While there was some semblance of order in that individual buildings (“roughly the size of airplane hangars,” Sergio’s book accurately reports) were dedicated to individual regions, there the organization broke down. Cheek-by-jowl, you could find producers from Umbria, Piemonte and Toscana—all located within the tent for Alto Adige. It’s kind of as if the logistical planner just gave up partway through his or her task, and it is a big task, no doubt about it. I can envision giving up myself.
I’ve never seen so much wine nor so many people ready to consume it. There was just so much wine. It’s almost defeating how much wine there is at VinItaly; if there has ever been an embodiment of too much of a good thing, it might very well be VinItaly. The only factor that checks the veracity of that statement is the simple fact that there was also too much of a mediocre thing (and probably too much of a bad thing too, though I didn’t taste much that was downright bad).
The excellence of VinItaly is the chance to taste a producer’s wine and find that it makes your hair stand up with excitement. In this respect, I was very fortunate to have Sergio as my guide. An experienced VinItaly hand, Sergio had mapped out groups of producers whose wine he wanted to check out, and while a few were damned with faint praise, several got a nod of genuine approval. He found wines that were really amazing—beautiful, complex, interesting, unexpected and nuanced. I don’t want to give too much away, but Sergio discovered some extraordinary wines from Alto Adige and Sicilia. Thinking about them makes my mouth water with anticipation.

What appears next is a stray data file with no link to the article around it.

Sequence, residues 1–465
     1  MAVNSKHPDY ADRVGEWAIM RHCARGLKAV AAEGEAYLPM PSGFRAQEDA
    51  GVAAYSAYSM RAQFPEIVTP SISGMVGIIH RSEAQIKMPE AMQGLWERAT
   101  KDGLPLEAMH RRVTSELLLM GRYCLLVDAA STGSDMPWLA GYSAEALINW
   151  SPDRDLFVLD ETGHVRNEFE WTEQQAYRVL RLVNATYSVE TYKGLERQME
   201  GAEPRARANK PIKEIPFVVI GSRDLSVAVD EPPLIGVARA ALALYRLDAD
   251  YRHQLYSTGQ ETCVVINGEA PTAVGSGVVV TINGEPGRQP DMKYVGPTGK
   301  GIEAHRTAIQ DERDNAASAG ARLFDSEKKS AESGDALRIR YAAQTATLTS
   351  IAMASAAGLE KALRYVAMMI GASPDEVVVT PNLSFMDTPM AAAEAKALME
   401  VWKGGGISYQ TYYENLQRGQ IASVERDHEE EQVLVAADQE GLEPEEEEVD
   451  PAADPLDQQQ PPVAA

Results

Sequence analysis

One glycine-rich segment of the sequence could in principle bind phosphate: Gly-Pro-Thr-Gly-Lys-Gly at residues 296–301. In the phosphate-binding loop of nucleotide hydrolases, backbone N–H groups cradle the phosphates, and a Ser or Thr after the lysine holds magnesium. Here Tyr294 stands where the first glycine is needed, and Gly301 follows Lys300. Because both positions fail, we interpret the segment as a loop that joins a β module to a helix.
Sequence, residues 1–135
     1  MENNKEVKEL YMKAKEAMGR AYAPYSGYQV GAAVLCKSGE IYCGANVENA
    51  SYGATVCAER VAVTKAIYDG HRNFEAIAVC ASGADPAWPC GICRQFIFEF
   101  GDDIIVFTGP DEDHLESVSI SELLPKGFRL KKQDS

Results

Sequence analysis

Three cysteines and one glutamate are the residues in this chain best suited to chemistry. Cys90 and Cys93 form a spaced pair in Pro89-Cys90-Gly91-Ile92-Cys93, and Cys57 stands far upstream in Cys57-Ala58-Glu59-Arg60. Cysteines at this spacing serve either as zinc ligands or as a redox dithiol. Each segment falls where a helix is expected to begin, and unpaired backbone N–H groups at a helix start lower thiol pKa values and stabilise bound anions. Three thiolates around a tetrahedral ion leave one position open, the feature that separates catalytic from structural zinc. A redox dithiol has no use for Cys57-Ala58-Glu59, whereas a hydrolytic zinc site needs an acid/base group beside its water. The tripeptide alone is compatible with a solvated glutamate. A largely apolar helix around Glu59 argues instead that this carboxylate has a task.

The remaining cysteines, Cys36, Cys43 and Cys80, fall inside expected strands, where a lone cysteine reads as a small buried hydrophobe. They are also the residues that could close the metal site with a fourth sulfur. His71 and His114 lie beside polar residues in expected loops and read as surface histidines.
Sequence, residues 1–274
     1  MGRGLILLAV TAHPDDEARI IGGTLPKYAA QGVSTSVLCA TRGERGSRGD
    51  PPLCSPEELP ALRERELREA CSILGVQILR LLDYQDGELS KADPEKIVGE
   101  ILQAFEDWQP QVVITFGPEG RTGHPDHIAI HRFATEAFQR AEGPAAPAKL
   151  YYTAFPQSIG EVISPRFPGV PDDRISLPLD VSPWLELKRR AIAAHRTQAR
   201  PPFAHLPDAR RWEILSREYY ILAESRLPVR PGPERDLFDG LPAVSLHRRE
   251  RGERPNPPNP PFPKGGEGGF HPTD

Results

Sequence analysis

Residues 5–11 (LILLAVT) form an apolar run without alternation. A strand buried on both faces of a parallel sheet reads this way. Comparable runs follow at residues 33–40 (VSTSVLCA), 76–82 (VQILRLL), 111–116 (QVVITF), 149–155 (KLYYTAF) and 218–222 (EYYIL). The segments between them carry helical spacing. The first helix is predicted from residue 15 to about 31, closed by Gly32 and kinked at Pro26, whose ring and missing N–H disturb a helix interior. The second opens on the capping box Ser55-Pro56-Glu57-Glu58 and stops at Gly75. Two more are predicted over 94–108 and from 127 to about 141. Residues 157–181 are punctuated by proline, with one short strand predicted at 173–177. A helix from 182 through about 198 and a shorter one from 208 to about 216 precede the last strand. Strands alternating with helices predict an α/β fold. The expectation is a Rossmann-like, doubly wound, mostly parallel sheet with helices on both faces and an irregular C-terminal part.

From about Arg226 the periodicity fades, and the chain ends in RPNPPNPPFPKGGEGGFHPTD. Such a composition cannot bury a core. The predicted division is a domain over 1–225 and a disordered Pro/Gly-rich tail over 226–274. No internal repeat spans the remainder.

And yet, at the end of the days I spent at VinItaly it wasn’t the size of the event, its glitziness that sometimes verged on Vegas levels, the sheer vertiginous number of its spittoons, or the various goofy ways that the different regions tried to distinguish themselves (“In Veritas Lazio!” read that region’s banner, while Sicilia paraded a partially clad girl painted green to represent…something), it was the fact that something like VinItaly happened at all. For indeed, not only did Sergio and I attend VinItaly that weekend, we also attended VeniVini, an exhibition of all organic and biodynamic wines that was much more manageable in scope. And, had we wanted to, we could have gone to yet another show of only biodynamic wines.
Wine is, of course, a huge export for Italy, but this cavalcade of events is bigger than just being a testament to the commercial success of Italy. It’s more than wine; it’s national pride. It’s regional pride. It’s something so deeply ingrained in Italian culture that I as an American have a hard time parsing it. For it wasn’t just industry people, though they were there in droves; everyone was there. People who like wine go to VinItaly, a trade-show. There is, in fact, nothing analogous that I can come up with in America, nothing that unites us and divides us with the same kind of messianic fervor that wine does Italians.
And that for me was the truly amazing discovery of VinItaly. Yes, I tasted some truly remarkable wines, but what I really got a glimpse of was how Italians feel about wine, and it’s something so much more profound than mere passion.« go back — keep looking »